At the end of time, people of the nations present their complaints to God.
It is a strange sight here at the end of time. I am standing on a low hill overlooking a vast plain, flat as far as the eye can see, and with very few trees or shrubs to relieve the monotony. As the sun begins to rise and dispel the grey mist I can see groups of people gathered across the plain. There must be millions of them, from all nations and races. How long they have been here I can't tell, but generally they are seated in small groups, for the most part facing the one feature that dominates this place. That feature is a throne, like no throne I have ever seen before. It is huge, so big that it can be seen from the farthest reaches of this vast crowd. Surely no human form ever sat in that seat. And if not, then who? For that matter, what is this throne made of? Some sort of fluorescent mineral perhaps, because it shines with its own light. No! Shine is too inadequate a word. Dazzling &endash; with such brilliance that human eyes can scarcely look at it. A brilliance that seems to pierce the heart, and almost see into the very depths of each person's being.
It is too much for many. They have shrunk back from the throne, its steady light is more than they can bear. But there are others who are far from overawed by either the throne or the general scene. They are talking heatedly among themselves, in arguments that began far back in the night.
How can God judge us? How can he know about suffering? Look here. (She rips open a sleeve.) See that tattoo! That's the number they branded on my arm when we were herded into that Nazi concentration camp. And that was only the beginning of the tortures, the beatings, the utter terror. And then the death - the agony of death in those gas chambers. And why? Just because we were Jews.
What about this? You know what this rope burn is around my neck? It's where they hanged me. The mob came to my house screaming abuse. They dragged my family out and beat them, and then burnt the house down. Then they dragged me half a mile behind a horse, cutting my skin to shreds, and finally hanged me. And why? Because I was black.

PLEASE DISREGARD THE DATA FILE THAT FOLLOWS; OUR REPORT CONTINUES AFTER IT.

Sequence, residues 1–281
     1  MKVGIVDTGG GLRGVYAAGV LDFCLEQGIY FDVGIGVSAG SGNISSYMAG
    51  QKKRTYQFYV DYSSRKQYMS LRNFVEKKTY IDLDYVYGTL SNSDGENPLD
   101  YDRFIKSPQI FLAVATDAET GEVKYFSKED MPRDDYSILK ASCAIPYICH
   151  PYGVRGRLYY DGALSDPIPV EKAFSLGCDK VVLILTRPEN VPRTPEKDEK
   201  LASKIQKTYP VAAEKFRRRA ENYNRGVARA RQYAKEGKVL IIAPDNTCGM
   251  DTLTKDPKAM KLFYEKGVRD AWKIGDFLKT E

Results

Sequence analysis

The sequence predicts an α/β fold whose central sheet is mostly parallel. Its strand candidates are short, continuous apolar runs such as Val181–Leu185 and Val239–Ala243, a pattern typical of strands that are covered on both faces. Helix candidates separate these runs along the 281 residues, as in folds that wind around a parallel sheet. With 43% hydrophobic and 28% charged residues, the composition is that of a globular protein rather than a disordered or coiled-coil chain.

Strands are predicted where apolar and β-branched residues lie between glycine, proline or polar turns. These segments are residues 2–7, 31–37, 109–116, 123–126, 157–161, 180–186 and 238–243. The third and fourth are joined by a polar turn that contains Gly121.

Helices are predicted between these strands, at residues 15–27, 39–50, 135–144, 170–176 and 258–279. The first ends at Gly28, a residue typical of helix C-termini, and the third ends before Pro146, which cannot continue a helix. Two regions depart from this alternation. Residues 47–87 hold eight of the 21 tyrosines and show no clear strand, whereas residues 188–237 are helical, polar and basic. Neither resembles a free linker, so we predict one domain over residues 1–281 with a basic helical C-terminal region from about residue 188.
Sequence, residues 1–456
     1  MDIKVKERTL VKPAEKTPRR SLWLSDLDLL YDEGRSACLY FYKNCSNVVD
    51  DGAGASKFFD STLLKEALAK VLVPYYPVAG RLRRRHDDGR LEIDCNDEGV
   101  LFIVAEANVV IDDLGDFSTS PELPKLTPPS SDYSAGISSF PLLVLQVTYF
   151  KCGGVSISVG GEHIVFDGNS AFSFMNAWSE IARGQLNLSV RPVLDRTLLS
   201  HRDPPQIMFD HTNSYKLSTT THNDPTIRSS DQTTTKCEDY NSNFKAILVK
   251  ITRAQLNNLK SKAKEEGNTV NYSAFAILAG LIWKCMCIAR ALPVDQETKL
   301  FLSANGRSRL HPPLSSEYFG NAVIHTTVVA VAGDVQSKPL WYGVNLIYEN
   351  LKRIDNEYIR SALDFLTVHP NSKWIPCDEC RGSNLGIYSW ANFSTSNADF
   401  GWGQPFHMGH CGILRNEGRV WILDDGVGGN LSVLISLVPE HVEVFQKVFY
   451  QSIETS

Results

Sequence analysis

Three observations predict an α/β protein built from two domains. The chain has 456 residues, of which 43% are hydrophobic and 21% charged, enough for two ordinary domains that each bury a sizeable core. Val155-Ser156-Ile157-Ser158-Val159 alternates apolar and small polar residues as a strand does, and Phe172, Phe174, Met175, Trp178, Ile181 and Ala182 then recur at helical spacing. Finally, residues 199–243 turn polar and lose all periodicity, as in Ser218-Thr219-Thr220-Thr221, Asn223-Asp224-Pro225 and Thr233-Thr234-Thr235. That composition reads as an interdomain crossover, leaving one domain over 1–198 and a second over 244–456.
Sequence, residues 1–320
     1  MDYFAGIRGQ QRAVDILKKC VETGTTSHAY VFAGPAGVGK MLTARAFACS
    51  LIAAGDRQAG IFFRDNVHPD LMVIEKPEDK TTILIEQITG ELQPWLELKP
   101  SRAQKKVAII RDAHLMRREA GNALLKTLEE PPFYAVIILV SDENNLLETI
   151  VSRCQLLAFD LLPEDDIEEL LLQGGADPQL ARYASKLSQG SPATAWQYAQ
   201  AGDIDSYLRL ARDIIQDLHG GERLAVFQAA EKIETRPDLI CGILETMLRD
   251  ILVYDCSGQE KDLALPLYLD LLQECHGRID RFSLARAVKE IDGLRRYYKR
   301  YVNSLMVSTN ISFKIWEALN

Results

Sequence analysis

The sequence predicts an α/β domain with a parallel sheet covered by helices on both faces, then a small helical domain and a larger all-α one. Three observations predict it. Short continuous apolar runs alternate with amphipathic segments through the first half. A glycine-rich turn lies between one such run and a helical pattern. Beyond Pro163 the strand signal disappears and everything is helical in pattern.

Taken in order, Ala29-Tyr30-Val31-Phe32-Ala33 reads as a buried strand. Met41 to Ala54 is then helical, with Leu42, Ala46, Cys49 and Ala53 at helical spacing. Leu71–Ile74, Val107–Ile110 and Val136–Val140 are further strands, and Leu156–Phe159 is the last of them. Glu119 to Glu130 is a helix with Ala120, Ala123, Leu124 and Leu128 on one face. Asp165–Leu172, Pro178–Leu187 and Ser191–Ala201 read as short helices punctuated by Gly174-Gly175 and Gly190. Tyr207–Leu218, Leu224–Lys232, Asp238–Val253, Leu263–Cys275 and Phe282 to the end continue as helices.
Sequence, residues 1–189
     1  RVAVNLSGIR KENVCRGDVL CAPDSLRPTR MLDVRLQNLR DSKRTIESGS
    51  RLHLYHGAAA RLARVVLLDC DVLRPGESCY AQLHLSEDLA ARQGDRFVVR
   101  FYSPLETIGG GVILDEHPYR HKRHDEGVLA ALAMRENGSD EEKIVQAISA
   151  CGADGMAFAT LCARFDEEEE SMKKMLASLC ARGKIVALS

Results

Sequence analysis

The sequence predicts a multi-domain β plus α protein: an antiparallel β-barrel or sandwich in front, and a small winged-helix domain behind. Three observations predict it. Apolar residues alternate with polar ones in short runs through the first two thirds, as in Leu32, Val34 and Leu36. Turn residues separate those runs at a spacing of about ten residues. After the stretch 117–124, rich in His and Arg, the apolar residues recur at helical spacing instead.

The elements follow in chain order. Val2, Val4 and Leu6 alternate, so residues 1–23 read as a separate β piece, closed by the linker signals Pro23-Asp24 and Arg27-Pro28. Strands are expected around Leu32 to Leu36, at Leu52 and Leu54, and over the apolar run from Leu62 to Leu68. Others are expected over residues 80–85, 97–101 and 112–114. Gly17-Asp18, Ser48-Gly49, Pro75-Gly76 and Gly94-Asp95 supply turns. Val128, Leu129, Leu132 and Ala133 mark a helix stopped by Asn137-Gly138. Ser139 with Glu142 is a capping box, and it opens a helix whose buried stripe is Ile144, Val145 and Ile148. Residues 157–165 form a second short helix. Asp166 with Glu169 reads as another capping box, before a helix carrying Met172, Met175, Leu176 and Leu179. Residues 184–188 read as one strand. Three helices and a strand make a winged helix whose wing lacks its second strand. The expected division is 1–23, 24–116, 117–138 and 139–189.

50,000 died in my city. My parents, all my brothers. I saw my two sisters raped by the soldiers, and they lined my children up and shot them in front of my eyes before they killed me. And why? Because I was a Muslim, and they wanted an ethnically cleansed country. And God stood by and did nothing.
Nothing? He did less than nothing to help us! First he sent 3 years of drought that destroyed our crops, and then a swarm of locusts that devoured any blade of grass the drought left behind. And finally disease that took anyone still standing. My son and my daughter, they both died in my arms. My withered breasts had no milk to feed them.
How could God do this to us? If he is so almighty and powerful - if he loves man like he says - why did he not step in?
All this evil and suffering in the world, and he did nothing. The fat cats got fatter, and the poor got ground down.
It's all right for him, living up in heaven, where everything is sweetness and light. There's no crying or fear where he is. No hunger or hatred. Notice he doesn't let any of those things come near him. He keeps them well away, where they won't spoil his precious heaven.
Just what does God know about real suffering? The suffering we've had to endure in this world he forced us into. He leads such a sheltered life he hasn't got a clue.